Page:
These nukes aren’t gonna replace themselves

I am writing this just a few hours after the US launched a nuke.

Fear not – we aren’t all seconds from being evaporated. It was the US testing its nuclear deterrent, or more specifically, the delivery vehicle. The unarmed ballistic missile, a “Minuteman III”, blasted 4,200 miles from the west coast of the US to an area of the Pacific near the Marshall Islands.

Although these weapons are ready for launch 24/7, the technology in them is very old: the Minuteman III was first deployed in 1970, and is a product of the 1950s. With Russia and China gearing up with much fancier “hypersonic glide vehicles” to deliver their nukes, we expect the Minuteman’s days are numbered.

On this theme of a new nuclear arms race, I’ve found just the niche company to profit from it, a real diamond in the rough. But more on that in a moment.

We’ve pondered whether the UK will betray the US in the coming Cold War sequel in Capital & Conflict before. China’s strong economic and political leverage in London (and throughout Europe) we argued, may tip the balance in the Middle Kingdom’s favour if the UK is forced to take sides.

Some readers agreed, citing David Cameron’s embrace of Xi Jinping. Others did not, citing our military reliance on the US. We’ll have to wait and see, but such a change in the global balance of power will be a process and not an event – and the process is happening now.

“UK foreign policy in a shifting world order”, a report commissioned by the House of Lords last year, was published recently. Within its hundred-odd pages are numerous gems as to where those in power believe the UK’s future lies. The introduction alone is very revealing, emphasis mine:

We are living through a time of worldwide disruption and change. Trends including populism, identity politics, nationalism, isolationism, protectionism and mass movements of people are putting considerable pressure on states and traditional structures of government. At the same time, the global balance of power is shifting and fragmenting in a way not experienced since the Second World War, undermining the rules-based international order.

Our year-long inquiry confirmed the increasing volatility of international relations, a situation which poses major and novel questions and challenges for UK foreign policy, the assumptions on which it has rested, and the way it is formulated and implemented. We conclude, for instance, that the UK’s ‘bedrock’ relationship with its key ally of past decades, the US, is under disturbing pressure. The US Administration has taken a number of unilateral foreign policy decisions on high-profile issues, such as the Iran nuclear deal and trade policy, which undermine the UK’s interests. The UK has struggled to influence the Administration, which is, in part, a reflection of a broader shift in the US towards a more inward-looking ‘America First’ stance, with less focus on the transatlantic alliance or multilateralism. In future the Government will need to place less reliance on reaching a common US/UK approach to the main issues of the day than has often been the case in the past.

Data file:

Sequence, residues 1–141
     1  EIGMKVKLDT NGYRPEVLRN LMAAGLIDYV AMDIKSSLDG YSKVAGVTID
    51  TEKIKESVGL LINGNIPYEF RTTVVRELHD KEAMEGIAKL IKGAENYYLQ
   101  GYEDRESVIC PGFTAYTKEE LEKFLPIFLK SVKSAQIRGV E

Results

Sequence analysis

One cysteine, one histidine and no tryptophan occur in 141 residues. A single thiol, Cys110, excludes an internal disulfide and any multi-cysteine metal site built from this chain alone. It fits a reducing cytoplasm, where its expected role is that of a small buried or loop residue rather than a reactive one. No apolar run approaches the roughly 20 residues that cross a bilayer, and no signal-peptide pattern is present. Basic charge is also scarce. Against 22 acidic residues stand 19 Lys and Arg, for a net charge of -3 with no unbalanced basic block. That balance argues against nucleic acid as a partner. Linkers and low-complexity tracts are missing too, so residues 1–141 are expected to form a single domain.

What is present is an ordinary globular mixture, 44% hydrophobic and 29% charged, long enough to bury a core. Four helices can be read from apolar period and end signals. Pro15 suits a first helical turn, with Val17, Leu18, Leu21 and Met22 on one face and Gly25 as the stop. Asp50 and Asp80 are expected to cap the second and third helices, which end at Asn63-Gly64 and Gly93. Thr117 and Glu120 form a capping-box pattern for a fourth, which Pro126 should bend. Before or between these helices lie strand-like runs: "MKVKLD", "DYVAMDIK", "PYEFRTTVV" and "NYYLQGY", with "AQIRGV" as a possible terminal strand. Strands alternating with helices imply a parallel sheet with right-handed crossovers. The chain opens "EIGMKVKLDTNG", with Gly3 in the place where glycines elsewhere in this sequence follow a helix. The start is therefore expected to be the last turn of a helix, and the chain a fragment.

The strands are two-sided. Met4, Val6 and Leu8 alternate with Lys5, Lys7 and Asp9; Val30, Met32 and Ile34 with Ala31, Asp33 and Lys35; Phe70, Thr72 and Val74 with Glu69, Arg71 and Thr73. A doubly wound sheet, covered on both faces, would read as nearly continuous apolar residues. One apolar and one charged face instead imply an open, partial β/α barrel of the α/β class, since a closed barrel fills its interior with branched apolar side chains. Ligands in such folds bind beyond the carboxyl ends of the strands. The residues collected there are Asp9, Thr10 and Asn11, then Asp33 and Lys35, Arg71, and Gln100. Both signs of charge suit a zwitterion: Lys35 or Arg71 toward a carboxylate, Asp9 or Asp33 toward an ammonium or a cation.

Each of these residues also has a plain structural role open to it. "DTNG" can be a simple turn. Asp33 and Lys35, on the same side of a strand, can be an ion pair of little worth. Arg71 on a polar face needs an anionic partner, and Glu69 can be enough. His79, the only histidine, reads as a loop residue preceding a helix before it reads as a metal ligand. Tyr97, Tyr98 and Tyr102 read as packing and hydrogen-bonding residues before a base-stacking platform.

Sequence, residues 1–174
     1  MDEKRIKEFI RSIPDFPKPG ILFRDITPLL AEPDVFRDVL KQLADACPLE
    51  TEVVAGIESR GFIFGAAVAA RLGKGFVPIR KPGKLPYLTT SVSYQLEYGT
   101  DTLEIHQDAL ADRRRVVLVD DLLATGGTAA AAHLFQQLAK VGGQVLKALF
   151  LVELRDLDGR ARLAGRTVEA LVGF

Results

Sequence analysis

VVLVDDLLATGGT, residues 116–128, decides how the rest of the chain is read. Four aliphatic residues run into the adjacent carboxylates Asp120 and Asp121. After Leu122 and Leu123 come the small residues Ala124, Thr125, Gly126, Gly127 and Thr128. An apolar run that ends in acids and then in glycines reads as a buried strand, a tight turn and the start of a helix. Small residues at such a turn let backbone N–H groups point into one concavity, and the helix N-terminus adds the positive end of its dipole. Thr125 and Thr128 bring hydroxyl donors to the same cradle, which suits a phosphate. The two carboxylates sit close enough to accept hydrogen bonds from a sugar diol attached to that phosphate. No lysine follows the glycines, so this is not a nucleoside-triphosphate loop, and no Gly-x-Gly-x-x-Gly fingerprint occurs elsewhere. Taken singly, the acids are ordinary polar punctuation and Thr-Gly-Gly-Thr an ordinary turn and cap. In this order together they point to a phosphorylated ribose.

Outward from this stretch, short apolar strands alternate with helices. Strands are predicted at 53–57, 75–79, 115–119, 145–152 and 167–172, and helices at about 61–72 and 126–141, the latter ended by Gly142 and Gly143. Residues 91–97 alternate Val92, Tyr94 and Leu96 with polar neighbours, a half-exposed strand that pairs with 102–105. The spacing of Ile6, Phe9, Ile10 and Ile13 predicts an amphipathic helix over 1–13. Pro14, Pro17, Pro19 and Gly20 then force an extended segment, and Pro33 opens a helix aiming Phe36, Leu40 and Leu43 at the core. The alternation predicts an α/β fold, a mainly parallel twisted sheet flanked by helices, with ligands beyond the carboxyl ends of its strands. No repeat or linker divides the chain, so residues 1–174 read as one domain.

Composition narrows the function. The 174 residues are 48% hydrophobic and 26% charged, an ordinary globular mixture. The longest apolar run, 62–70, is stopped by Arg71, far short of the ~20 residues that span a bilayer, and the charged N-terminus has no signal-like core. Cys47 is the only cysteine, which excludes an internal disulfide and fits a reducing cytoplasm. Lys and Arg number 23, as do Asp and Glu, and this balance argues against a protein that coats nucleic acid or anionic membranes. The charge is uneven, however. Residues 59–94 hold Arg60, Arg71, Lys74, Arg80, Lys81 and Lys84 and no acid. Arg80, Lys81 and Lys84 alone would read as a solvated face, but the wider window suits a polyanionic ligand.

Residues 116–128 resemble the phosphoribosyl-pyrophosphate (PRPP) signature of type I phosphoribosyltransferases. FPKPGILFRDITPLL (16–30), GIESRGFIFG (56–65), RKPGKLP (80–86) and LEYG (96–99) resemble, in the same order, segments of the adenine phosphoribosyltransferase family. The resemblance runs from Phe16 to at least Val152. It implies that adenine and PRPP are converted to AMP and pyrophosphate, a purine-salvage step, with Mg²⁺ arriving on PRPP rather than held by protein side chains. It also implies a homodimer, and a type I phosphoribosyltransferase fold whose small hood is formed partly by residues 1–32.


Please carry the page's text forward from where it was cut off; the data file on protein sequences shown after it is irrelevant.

And now for the kicker:

This comes at a time when China’s economic and geopolitical influence, and its technological capabilities, are growing substantially. We conclude that it is not in the UK’s interest to treat China systematically as an adversary; rather, the Government should aim to work closely with China in seeking to address major global challenges, while ensuring such co-operation is consistent with the international humanitarian law, and balanced with our other close friendships, such as with Japan.

I’m not saying its quids in. But there’s a case to be made that a big pivot away from the US, and towards China lies in our future.

Now, back to that diamond in the rough…

With all the risk and distorting pressures within financial markets today, it’s hard for me to get bullish on individual stocks.

To my eyes all the quantitative easing, zero interest rates, stock buybacks, and passive investment that have poured into financial markets have turned the whole thing into an unstable soup.

While there are still opportunities to be found within this soup – like the kind we highlighted here last week, or algorithmic strategies like this – it’s hard to find anything dry within the cauldron.
But this stock is as dry as it gets. It’s not listed on any Western stock exchanges, and I’ve yet to find any chatter about it on financial media.

It’s been shielded from the wall of passive money: it’s not owned by any exchange-traded funds (ETFs) or investment trusts. Hell, according to its last annual report, not a single share is owned by a foreigner.

And it’s poised to boom time in Cold War II – there’s big business in big missiles, and those Minutemen nukes aren’t gonna replace themselves. It just so happens that this company produces a key ingredient for said missiles, of which the US is in dire need.

But as irony would have it, after finally finding a tiny company I can get madly bullish about… I discover that I can’t buy it.

This diamond in the rough exceeds my reach. Accessing this foreign market as a non-citizen is cost prohibitive. So many bureaucrats must be paid on a both initial and ongoing basis that only a much larger stake than I’m willing to risk will justify it. Still, amongst our Zero Hour Alert readership I imagine there are both citizens of this country, or non-citizens with large stakes to make, so I’ll be writing up a report on it.

For everyone else who’s yet to join us at Zero Hour Alert, well, my colleague Nickolai has a message for you.

In the meantime, if I’m right about US “nuke replacement therapy”, it’ll do wonders for that aerospace and defence ETF we tipped last week…

All the best,

Boaz Shoshan
Editor, Capital & Conflict

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